Adapted from a recent online discussion.
Conversation needs to be had about secret online chatting
Q: I think my husband is on the verge or in the middle of having at least two emotional affairs via online chatting.
We share a computer, and before I realized the Facebook account I saw wasn't mine, I saw "wife" (i.e., me) and "sex" referring to our sex life. I otherwise wouldn't have kept reading, but how do you not when you see those words? In the other chat I saw, he confided in another woman feelings about my family that he not only did not share with me, but that he also said he needed to keep from me. Then, he shared something with her that's meant to be a secret between the two of us.
I don't know either of these women and have never heard their names in conversation. (We've been married five years.) He's otherwise been a nice guy, though sometimes quiet, bordering on distant. It's shocking to me that he's been so forthcoming with these women online. Part of me feels like he doesn't know he's doing anything wrong, but in the past he's cornered me about normal interactions with men I've worked with that I would bring up as part the rundown of my day.
Am I going to have to confront him to get a resolution, even though I "invaded" his space by seeing his chat history? I don't even know what to say. Even in quietly deciding how to proceed, I'm incredibly sad — which he notices — and I just have no clue what to do next.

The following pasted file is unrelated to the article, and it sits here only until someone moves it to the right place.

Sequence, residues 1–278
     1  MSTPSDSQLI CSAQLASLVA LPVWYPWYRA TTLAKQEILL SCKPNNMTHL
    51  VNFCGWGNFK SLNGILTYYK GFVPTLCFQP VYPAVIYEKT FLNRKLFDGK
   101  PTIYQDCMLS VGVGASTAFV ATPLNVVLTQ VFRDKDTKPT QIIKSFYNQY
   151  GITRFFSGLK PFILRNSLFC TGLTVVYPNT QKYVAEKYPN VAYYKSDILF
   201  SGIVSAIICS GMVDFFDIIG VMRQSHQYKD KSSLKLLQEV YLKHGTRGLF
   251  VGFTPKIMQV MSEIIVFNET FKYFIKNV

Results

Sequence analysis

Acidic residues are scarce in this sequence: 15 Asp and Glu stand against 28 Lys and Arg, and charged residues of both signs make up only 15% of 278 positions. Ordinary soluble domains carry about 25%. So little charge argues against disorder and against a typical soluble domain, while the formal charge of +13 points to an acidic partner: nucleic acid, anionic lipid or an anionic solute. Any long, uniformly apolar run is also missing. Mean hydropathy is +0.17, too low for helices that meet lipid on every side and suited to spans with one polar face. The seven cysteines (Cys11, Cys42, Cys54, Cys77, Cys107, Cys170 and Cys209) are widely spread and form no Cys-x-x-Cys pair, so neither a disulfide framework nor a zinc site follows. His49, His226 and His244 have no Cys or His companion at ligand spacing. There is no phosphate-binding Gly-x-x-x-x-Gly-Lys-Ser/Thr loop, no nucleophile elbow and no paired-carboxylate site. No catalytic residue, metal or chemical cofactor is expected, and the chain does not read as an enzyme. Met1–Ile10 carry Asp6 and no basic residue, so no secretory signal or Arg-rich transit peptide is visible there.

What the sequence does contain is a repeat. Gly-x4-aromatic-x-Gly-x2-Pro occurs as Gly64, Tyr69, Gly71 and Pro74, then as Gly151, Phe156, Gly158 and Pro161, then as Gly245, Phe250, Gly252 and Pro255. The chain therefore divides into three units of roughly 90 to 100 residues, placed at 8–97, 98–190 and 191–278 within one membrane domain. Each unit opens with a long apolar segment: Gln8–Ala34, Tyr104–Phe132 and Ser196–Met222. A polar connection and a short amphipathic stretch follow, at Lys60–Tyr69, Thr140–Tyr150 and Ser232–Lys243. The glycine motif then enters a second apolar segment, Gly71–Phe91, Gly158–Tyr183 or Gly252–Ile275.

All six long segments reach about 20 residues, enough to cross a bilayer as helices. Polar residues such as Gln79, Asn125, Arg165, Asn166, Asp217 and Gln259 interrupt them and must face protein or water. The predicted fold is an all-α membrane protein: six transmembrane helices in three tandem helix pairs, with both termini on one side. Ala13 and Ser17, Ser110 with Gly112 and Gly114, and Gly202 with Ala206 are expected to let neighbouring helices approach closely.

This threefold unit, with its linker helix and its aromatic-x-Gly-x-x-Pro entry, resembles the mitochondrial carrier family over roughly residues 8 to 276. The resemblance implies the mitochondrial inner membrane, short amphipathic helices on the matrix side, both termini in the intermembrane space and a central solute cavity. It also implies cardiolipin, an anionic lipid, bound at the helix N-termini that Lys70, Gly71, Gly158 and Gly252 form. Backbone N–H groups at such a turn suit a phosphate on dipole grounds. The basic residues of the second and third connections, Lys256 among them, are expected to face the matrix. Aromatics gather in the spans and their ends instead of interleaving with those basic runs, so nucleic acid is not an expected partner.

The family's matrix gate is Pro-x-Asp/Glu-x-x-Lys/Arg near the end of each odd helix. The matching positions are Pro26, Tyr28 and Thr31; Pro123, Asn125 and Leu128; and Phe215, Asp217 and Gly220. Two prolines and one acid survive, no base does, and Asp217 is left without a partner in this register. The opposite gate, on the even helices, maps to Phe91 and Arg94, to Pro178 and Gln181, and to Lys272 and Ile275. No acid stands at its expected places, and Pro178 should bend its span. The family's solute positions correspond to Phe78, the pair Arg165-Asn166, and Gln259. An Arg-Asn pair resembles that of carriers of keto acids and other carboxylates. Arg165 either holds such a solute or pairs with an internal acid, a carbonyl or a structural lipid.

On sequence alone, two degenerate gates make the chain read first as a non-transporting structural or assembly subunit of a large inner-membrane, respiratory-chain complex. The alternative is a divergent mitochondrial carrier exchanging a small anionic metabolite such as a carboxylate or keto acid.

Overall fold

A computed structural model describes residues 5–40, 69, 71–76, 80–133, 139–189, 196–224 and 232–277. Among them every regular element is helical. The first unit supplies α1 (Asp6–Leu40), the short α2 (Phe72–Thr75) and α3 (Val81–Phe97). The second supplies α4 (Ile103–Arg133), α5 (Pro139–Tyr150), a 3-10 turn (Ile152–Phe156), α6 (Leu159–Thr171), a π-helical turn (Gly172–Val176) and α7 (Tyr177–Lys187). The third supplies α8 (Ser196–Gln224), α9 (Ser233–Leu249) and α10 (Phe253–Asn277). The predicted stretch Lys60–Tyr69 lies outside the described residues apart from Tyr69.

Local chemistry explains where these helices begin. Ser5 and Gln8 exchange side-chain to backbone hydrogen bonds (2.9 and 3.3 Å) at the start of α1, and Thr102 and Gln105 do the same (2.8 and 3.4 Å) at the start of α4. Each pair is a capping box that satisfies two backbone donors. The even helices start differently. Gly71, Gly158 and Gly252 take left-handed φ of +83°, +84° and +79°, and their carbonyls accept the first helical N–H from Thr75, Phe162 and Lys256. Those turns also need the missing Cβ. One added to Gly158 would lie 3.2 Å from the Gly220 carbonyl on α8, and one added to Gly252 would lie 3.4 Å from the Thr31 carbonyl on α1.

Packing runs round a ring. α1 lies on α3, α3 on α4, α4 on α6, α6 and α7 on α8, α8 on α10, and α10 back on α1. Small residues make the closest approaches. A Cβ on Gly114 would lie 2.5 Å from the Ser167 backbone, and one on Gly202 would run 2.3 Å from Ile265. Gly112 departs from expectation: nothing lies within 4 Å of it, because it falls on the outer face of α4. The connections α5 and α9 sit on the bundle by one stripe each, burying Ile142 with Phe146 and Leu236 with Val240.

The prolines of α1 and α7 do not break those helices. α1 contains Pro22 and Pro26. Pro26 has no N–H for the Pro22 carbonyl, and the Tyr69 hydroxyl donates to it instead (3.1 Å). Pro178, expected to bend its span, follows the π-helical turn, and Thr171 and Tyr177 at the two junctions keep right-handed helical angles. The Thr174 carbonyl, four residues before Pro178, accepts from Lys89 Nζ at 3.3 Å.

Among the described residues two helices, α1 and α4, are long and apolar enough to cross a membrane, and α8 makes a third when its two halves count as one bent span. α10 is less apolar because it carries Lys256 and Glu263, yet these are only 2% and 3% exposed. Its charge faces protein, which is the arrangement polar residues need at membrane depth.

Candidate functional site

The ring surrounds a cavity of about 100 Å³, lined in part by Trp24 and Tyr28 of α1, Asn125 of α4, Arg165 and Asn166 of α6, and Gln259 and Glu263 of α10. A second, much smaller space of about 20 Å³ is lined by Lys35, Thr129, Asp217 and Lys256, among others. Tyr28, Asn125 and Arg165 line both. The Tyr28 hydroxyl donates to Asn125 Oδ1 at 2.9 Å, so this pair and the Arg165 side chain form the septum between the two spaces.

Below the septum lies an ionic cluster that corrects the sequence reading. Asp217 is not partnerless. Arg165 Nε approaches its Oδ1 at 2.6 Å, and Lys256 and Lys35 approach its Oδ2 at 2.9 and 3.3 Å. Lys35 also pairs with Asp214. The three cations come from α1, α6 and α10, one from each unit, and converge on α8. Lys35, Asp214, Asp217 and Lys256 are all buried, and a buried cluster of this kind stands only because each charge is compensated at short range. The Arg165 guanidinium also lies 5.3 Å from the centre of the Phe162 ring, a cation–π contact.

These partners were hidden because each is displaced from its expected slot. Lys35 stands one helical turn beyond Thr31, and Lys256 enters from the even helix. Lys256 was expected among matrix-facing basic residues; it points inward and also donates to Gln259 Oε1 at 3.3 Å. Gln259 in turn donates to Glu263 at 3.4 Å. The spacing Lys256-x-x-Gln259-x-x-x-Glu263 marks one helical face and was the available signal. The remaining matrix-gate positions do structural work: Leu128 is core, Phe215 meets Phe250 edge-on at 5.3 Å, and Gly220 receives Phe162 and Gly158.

Shaken, Stirred and Sad
A: There's an old theory that people accuse others of things they're guilty of themselves — and while it doesn't always apply, it sure seems to here.
Your "quiet bordering on distant" husband appears to have serious intimacy problems, and questions your "normal interactions" with opposite-sex colleagues because he doesn't have those himself.
Instead, he hides from you, his intimate partner, while sharing inappropriately with strangers from a safe online distance. (Presumably until they start to get close, at which point he moves on.) His imagination doesn't have to leap too far to imagine you're doing this, too.
So, yes, you do have to confront him. Don't let him turn the blame on you, though, for reading these exchanges. The damning words were in plain view, and you reasonably kept reading.
Don't expect miracles, either; this talk will likely be the exact emotional situation he dreads most. You can make it as easy as possible for him — in fact, even prove to him that sharing with someone close is not a scary or dangerous thing — by being a safe place for him to tell his truth. That means no interrupting, yelling, threats or name-calling. That means expressing your feelings as well as your preference for the truth, no matter what it is: "I am not angry that you feel this way about my family; I only feel sad that you didn't tell me, and didn't think you could."
After all, the best outcome is that you both guide your relationship onto a healthy path. If he refuses his part, then counseling is the next step, and if he refuses that, then you have a decision to make: a don't-ask-don't-tell marriage, or no marriage at all.